Thursday, June 18, 2009

The Anatomy of the Ear

The external ear is also called the auricula or pinna. The outer rim or helix spirals up out of the bowl-like conchal fossa. A swelling known as Darwin’s tubercle is present in 10.4% of the population.

The antihelix curves inside the helix, separated by the groove called the scapha. It splits at the top into the superior and inferior crux or leg, with the triangular fossa in between.

The flap called the tragus protects of the auditory meatus, or earhole. Often with two distinct swellings, it uses the Greek name for goat because of its beard-like hairs.

Across the intertragical notch is the prominence known as the antitragus, part of the stiff cartilaginous shelf from which hangs the fleshy auricular lobule (earlobe). The depression behind the ear is called the auricular sulcus.

Wikipedia on external ear,
Darwin's tubercle (thanks, Donna)
tragus (thanks, Stape)


Chinami said...

"The flap called the tragus protects of the auditory meatus, or earhole. Often with two distinct swellings, it uses the Greek name for goat because of its beard-like hairs.

Tragus. I now have a new nickname to call my grandfather. It's perfect!

Jokes aside. You're a quick study. I'm now inspired to try my own close up sketch of an ear. Perhaps I can persuade my mother to hold still.

Who was the ear model? ;)

Super Villain said...

i think that dude was pulling your....ear..

and you fell for it hook line and sinker, haha!!

but at least we all got a good lesson and laugh out of the wolfmans advice...

James Gurney said...

Chinami, the model was a plaster drawing cast, and the notes come mainly from anatomy books by Peck, Feher/Szunyoghy, Loomis, and Vanderpoel.

Steve said...

There's the 10% with the tubercle, and then some other percentage with a completely attached auricular lobule (earlobe). This is particularly common among Chinese and Japanese, though I have a friend of Irish descent whose lobes are so attached they seem nonexistent.

For several years, the Ann Arbor Art Fair featured the work of Denis Lee. A trained medical illustrator, he also did fine art pen and ink drawings. Denis is a medical sculptor who specializes in prosthetic ears and noses. For museum display, he has done facial reconstructions based on skulls thousands of years old. I'm sure the legs of his helix would meet Dennis Nolan's standards.

As you probably know, once males pass the age of 50 their tragi require regular mowing.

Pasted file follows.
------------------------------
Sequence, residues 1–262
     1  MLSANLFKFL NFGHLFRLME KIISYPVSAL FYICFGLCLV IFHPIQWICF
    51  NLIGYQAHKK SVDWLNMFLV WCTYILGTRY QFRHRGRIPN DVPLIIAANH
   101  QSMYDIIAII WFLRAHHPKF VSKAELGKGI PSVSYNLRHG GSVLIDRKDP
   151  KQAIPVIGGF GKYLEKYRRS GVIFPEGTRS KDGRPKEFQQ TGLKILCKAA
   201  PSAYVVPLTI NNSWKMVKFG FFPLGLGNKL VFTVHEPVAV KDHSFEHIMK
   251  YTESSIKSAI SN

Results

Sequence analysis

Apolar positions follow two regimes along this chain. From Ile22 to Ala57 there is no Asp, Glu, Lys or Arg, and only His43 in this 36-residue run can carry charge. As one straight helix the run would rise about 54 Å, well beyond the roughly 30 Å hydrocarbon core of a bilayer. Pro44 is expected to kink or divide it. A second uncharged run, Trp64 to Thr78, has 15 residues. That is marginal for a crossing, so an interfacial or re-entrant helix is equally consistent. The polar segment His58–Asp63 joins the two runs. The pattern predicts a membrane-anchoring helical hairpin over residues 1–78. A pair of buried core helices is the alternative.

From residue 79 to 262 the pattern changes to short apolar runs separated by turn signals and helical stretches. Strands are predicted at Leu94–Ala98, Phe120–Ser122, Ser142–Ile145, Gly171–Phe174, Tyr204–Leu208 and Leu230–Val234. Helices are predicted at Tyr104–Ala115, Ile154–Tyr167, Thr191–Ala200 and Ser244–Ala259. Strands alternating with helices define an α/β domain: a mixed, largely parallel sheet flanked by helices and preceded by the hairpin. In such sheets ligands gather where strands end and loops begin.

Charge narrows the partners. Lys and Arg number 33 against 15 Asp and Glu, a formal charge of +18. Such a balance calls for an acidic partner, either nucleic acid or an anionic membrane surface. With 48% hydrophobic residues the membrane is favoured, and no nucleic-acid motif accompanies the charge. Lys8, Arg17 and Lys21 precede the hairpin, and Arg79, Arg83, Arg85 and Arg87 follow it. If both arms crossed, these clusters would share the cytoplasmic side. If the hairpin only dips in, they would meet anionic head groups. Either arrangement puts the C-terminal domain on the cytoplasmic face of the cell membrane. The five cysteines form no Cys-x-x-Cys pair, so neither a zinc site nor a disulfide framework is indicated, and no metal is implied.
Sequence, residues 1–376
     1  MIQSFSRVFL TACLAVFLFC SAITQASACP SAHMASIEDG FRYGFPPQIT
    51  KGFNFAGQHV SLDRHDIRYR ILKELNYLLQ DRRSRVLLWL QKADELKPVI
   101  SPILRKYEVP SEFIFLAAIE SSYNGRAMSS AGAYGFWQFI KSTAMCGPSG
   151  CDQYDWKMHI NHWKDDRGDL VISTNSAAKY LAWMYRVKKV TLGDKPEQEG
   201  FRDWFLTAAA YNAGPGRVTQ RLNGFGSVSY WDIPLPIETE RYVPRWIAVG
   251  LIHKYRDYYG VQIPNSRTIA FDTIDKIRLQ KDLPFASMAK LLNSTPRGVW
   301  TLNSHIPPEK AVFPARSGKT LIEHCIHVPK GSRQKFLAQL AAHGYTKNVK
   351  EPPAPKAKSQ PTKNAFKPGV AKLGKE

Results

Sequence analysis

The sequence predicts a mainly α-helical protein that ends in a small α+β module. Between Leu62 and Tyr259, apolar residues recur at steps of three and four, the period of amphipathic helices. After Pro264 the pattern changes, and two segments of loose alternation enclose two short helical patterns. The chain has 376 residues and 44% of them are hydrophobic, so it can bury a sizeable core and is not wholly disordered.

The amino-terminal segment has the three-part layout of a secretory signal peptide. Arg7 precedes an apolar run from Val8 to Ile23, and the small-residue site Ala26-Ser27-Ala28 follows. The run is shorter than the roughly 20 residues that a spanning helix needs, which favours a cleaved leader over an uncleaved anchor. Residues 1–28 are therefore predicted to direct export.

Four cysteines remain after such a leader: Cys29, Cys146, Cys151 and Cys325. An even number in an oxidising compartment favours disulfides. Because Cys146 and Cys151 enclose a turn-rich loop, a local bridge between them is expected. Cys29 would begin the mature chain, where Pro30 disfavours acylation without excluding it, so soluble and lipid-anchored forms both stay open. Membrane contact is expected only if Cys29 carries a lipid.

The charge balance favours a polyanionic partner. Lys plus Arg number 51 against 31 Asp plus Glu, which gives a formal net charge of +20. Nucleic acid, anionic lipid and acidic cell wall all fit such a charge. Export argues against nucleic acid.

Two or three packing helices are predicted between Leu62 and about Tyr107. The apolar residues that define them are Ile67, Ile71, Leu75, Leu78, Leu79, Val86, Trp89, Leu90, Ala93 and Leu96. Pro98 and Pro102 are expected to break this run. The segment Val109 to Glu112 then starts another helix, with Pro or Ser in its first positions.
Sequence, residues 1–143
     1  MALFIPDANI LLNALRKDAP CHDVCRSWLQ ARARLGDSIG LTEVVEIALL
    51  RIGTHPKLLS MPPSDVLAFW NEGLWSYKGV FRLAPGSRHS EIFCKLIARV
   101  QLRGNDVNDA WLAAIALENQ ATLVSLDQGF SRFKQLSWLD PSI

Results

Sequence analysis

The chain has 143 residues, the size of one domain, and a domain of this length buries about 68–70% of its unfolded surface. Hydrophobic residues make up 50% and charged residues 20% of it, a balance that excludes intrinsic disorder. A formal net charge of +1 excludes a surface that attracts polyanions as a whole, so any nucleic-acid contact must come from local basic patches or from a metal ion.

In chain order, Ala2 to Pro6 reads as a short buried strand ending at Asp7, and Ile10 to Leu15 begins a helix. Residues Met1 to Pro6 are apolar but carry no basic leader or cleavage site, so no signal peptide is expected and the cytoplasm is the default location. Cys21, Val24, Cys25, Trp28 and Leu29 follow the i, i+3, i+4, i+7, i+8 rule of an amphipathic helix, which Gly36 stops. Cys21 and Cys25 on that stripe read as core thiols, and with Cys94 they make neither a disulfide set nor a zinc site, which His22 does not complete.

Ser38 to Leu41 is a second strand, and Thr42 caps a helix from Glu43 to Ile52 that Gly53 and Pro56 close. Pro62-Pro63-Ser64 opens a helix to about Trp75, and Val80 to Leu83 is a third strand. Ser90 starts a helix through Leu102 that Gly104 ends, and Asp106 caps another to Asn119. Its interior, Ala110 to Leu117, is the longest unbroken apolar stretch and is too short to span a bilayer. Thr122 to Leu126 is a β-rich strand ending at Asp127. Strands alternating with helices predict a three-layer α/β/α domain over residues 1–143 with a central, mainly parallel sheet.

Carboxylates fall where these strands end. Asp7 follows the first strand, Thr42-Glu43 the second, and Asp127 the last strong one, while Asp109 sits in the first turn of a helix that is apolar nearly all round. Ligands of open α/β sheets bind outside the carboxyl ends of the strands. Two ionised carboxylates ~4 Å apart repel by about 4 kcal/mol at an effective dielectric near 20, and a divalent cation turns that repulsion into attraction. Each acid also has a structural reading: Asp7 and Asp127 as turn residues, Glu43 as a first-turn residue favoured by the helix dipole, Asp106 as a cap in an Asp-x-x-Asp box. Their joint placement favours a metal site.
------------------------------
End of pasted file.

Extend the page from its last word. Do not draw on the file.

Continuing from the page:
Jean Spitzer said...

Fascinating. I pulled out some drawings I did a couple of years ago of an ear (from life) in a right hand, left hand drawing exercise. Comparing, I can see what I got right and what the weak areas are. The model did have Darwin's tubercle, by the way.

Chinami said...

@ Steve
I'm half Japanese and I have completely attached auricular lobule!
( I've heard it defined as whether or not you can twiddle with your earlobes.) I didn't realize it is especially predominate trait among Chinese and Japanese though.

Perhaps it's an adaption to certain climates?

Oscar Baechler said...

There's a humorous conventional wisdom in 3D modeling, which states that you should model one really detailed, anatomically correct ear. Then, for every model you do the rest of your life, reuse this ear, because they're extremely time consuming and boring to model. Much easier than memorizing all that!

Jon Hrubesch said...

The lower leg of the antihelix seems to be attached to the front part of the helix in your drawing. Maybe it's just the way the light was playing on the model but shouldn't there be more of a separation between the two? Otherwise it's an awesome drawing as always. I've been practicing drawing the human eye and ear to get a better grasp of their shape as well. I plan to do sketches of the hand and foot next from different angles. There is a lot to be said for drawing objects correctly. It's truly striking when you see something depicted accurately.

clyde semler said...

If you're one of the lucky 10.4 percent, the tattoo and piercings guy on our block is offering a special discount to embellish your Darwin's tubercle, 2 for the price of one. No tubercle? He does botox as well.


Congratulations, you may graduate Jim.

There's nothing like cast drawing when live models aren't willing to sit. Charles Braque has an amazing book on cast drawing, Drawing Course.

Anonymous said...

Ha! well what do you know, I'm part of that 10.4% being a proud bearer of Darwin’s tubercle

Chinami said...

I thought this might be an interesting addition to this post: Ear acupuncture.

BoTheNeanderthal said...

Something that has always been bugging me when I read comics is when an author draws an ear like half a donut. Something that seems very popular in japanese comics. I cant stand it.

Mike Puncekar said...

Well heck. I've been drawing ears wrong for years.